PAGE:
As a reference point, I marked center front, folded, and mirrored the shape of the waistband left and right cutting them the same shape although they are not the same width. That difference becomes a creative problem to resolve. 


After overlapping and pinning the potential side seams, the back hung awkwardly crooked. The left back had to be adjusted significantly for the skirt to shift and hang better which meant re-marking and re-cutting the waist and then mirroring the shape across the back. 


Every adjustment creates other challenges and sometimes solutions. In this case, the shift created enough width at the waist that I didn't need to add in a piece of fabric. I could simply finish and turn under the edge, overlap the pieces, and top stitch into place completing one side which would in turn make it easier to complete the other one. 


The image above left is the underneath layer. I smoothed out the curve of the raw edge and then finished it on the serger. I find with draping I have to be more aware of the edges that need to be finished and the best time to do them since there is no predictable routine as with following a pattern. Once the side seam was stitched, I added tucks to the slit to re-even the bottom edges. A similar process will happen on the other side seam.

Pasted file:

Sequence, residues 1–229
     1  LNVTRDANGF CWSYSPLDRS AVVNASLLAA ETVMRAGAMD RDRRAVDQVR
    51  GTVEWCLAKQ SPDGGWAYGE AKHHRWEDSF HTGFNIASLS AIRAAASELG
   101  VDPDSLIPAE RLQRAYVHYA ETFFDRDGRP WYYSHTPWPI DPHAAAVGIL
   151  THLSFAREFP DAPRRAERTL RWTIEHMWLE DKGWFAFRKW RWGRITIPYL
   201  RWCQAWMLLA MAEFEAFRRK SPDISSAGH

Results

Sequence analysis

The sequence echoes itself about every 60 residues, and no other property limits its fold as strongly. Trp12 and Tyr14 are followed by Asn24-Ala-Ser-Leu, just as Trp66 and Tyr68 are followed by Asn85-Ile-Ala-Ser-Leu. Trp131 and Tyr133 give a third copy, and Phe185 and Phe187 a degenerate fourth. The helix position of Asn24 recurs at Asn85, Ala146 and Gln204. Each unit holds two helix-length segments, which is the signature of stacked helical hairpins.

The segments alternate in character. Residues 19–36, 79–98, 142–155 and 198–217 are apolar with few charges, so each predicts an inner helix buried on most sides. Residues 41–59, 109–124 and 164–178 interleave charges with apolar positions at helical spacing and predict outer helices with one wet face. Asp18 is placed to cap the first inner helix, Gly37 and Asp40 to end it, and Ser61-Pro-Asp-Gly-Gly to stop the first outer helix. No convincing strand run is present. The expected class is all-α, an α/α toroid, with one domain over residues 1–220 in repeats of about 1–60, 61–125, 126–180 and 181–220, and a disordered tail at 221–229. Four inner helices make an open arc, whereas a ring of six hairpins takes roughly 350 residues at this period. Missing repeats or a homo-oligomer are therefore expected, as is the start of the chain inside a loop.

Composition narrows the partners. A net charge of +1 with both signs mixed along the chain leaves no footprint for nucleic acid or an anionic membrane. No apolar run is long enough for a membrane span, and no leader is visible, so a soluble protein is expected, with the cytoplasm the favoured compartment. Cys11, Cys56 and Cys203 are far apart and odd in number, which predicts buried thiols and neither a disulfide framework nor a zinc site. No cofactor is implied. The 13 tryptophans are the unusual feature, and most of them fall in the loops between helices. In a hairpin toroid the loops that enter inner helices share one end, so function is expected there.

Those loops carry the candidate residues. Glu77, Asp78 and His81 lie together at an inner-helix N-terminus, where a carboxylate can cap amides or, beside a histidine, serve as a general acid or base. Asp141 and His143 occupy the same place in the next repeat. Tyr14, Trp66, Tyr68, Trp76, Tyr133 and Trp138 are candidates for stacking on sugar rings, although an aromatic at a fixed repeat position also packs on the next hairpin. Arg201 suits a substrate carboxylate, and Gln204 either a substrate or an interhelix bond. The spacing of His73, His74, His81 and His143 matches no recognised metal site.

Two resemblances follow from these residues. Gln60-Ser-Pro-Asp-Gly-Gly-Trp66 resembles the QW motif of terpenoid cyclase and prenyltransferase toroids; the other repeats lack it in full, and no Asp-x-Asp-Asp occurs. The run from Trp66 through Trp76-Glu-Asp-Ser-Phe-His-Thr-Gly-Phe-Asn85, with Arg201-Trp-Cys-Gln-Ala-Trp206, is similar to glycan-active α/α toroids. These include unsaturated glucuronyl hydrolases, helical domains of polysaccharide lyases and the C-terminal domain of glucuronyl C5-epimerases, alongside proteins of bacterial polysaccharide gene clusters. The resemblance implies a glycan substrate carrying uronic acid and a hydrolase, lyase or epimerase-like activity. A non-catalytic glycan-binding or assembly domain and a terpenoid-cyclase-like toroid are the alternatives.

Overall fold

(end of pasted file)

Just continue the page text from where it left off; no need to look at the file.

On that side, I need to leave an opening to get in and out of the skirt. I've decided to fold the edges toward the back and to sew a waistband around the top and down the angle shown in the picture above right creating something similar to a pocket opening. I'm waiting to do this until my body has readjusted to being home and back to eating normally. Some of the foods - well actually a lot of the foods - I ate on my holiday were bloating plus travel is bloating so I want that to settled down before completing the waist especially as I plan to lose more inches. I'm contemplating elastic in the back waist to help work with weight loss although I know eventually the skirt will not fit and that's okay too.  LOL - I'll make another one.